Our next step was to get to Morehead City next to Beaufort in North Carolina. We had 2 options: ICW in 4 stages to take the charted shallows at high water and the bridges at their opening times, or go outside from Wrightsville Beach to the inlet at Morehead City. The tides weren’t right for entering the inlet late afternoon and if the winds were strongly onshore it would be rough. I rang up Towboat US to ask about the chance of us getting through the trouble spots on the ICW and they agreed we could make it at high water. This stretch of the ICW is very narrow for the main part, just a dredged channel through mudflats and we couldn’t see many places to pull off to anchor. There was a marina, Harbour Village 45 miles up, that could take us and a well protected, deep bay a mile after the most notorious shoaling inlet at New River known as ‘Hell’s Gate’. Two other less protected anchorages are 17 miles north but we would have added another night if we stopped at either of those. We worked out the tides and bridges and wrote a time plan for the 4 days to get us where we needed to be.
For the first night we anchored at Wrightsville Beach, a pleasant busy resort with a couple of large anchorages. The best channel in for a deeper draft like us is the southern one. It is hard sand though and it took us 2 attempts to set the hook. A British/American couple, Roger and Dixie sought us out in Southport and were also in the anchorage so we had drinks on Beyzy and discussed our plans. Both of us intend getting a canal boat in the UK so we had plenty to chat about. After a peaceful night without thunderstorms we upped anchor to catch the 0900 bridge opening so we could get the next bridge 5 miles and an hour later. This took us to the next shallows for high water and a midday entry to the marina. You can only dock overnight by appointment as all the slips are private, surrounded by beautifully designed houses.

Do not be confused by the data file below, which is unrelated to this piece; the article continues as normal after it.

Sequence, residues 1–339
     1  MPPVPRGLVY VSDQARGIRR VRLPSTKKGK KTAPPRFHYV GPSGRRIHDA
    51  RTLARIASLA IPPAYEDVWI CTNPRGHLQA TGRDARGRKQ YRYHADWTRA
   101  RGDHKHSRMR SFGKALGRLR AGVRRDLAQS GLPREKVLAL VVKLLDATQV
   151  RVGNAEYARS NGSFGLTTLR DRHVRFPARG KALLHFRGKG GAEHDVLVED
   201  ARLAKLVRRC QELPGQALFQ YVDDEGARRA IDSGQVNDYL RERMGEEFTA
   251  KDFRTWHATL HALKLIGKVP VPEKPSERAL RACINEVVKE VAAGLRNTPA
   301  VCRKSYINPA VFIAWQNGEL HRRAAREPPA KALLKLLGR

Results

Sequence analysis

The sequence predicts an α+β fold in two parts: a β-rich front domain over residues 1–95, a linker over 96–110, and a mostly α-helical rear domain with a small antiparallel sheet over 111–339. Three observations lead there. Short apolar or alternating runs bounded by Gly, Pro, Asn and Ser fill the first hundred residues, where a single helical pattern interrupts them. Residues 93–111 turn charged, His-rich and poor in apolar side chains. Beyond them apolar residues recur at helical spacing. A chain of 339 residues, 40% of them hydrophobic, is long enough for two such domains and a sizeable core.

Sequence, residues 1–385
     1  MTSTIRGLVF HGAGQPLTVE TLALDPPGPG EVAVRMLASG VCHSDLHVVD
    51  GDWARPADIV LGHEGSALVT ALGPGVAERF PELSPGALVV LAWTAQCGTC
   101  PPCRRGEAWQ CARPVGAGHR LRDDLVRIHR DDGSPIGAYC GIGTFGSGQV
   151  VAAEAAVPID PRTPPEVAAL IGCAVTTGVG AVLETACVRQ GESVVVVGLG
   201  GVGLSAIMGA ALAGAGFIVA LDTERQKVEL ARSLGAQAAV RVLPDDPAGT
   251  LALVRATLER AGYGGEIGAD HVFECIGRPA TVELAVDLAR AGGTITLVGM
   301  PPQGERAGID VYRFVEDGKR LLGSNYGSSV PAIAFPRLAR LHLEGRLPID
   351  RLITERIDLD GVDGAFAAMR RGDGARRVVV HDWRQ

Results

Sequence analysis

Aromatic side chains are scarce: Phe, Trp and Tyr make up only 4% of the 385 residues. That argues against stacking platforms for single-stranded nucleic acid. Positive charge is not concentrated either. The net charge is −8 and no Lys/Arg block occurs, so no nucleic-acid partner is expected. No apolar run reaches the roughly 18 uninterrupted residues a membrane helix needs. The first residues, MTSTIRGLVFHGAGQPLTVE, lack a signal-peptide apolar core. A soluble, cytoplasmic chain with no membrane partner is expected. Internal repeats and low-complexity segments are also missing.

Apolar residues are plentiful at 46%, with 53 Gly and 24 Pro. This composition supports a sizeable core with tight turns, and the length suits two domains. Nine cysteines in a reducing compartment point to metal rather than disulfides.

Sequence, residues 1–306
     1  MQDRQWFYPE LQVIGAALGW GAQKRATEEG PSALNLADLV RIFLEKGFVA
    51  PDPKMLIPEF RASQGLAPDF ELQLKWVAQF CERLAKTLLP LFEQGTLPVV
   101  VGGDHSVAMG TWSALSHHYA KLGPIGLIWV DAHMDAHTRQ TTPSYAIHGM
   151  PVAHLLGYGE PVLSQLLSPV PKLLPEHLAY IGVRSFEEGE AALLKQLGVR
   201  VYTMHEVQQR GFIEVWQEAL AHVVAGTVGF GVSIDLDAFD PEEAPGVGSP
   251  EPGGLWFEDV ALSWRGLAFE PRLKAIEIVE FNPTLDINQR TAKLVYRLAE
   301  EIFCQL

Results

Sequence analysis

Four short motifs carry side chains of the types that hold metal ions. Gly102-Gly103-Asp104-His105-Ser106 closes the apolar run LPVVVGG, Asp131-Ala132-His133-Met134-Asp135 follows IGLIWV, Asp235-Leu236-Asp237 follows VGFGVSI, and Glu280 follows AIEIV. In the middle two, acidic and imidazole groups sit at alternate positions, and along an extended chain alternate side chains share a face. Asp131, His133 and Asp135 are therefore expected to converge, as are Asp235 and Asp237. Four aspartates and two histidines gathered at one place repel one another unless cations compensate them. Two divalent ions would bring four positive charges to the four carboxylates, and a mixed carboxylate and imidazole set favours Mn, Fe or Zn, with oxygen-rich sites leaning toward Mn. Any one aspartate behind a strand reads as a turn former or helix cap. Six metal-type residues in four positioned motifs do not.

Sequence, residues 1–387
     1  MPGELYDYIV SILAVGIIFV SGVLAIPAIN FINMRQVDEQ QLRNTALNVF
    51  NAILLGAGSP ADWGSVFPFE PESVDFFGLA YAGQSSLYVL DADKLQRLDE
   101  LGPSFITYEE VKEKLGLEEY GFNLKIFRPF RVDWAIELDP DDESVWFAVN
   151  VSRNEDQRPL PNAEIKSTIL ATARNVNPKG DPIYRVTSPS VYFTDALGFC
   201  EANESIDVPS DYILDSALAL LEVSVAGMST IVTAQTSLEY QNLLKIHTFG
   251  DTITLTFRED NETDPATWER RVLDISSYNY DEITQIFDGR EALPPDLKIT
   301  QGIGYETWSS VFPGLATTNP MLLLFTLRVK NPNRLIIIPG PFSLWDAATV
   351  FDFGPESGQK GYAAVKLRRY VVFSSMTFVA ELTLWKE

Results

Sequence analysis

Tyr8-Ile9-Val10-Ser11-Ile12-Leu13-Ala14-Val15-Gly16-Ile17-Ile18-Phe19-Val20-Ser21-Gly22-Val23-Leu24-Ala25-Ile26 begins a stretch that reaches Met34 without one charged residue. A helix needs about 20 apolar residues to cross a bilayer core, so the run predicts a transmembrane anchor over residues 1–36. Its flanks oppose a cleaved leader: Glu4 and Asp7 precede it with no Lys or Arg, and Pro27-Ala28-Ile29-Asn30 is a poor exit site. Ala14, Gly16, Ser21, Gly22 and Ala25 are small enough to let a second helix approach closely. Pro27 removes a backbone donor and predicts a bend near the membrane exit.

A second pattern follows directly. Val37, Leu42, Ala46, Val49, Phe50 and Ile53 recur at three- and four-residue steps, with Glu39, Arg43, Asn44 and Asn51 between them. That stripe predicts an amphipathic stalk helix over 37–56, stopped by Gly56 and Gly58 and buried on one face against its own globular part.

The entrance is well marked by 6 posts but you have to line up dead centre and dead straight and the strong current was sweeping us past. On top of that a small motorboat decided to cut us off, as the marina camera clearly showed, so we had a bit of a scary struggle against the current to avoid hitting the initial starboard channel marker. It was also quite shallow where we ended up, seeing 0.5 metres under the keel and this was almost at high water. Once we were inside the current lessened and we were able to turn around in the basin and manoeuvre onto the long fuel dock. It is very sheltered inside and we were right next to the WiFi mast, office and showers. It costs 2 dollars a foot but includes electricity and water, neither of which we needed. Mike, the marina manager, sent us an email with photos of the entrance, a video and a plan with very clear instructions. Not seen such great information before. He welcomed us in with a compliment about my boat handling skills, being a woman! Thinking about it, we have never seen a woman steering a boat in the US if there is a man aboard. Not saying they don’t but we haven’t actually witnessed it. So perhaps Mike was surprised to see me on the helm. He was also shocked to hear we’d crossed the Atlantic in Beyzy but then we are the biggest and deepest boat in his marina and with about 200 slips there are only 4 yachts. He said that due to the shoaling of some of the inlets, the yachts have had to go elsewhere.
We had been expecting a bad thunderstorm yesterday evening with ‘damaging winds’ but fortunately we had a minor one at dawn instead. It hasn’t stopped raining yet but there is nothing to do here anyway as there are no towns nearby to walk to and no restaurants. A local Italian will deliver pizza so that’s our dinner tonight. In the meantime we are starting to plan the next few months, getting the boat on the market and finding storage for most of the items onboard. We have joined ‘Trusted Housesitters’ and found a beautiful house and pet sit in the UK for over 3 months from late October and are looking forward to spending time in the stunning Lake District with a dog, cats, chickens and doves to care for.
Tomorrow we continue north along the ICW but it will be a rush to meet the high water deadlines further up but also to get out of this marina without going aground. We need to go through Hell’s Gate just after 1300 and will anchor in the big naval bay just after before catching the next high water the following day to navigate the remaining shallows before reaching Morehead City for early evening. We have already telephoned the dockmaster at Beaufort for a couple of night’s stay as the town is said to be very pretty.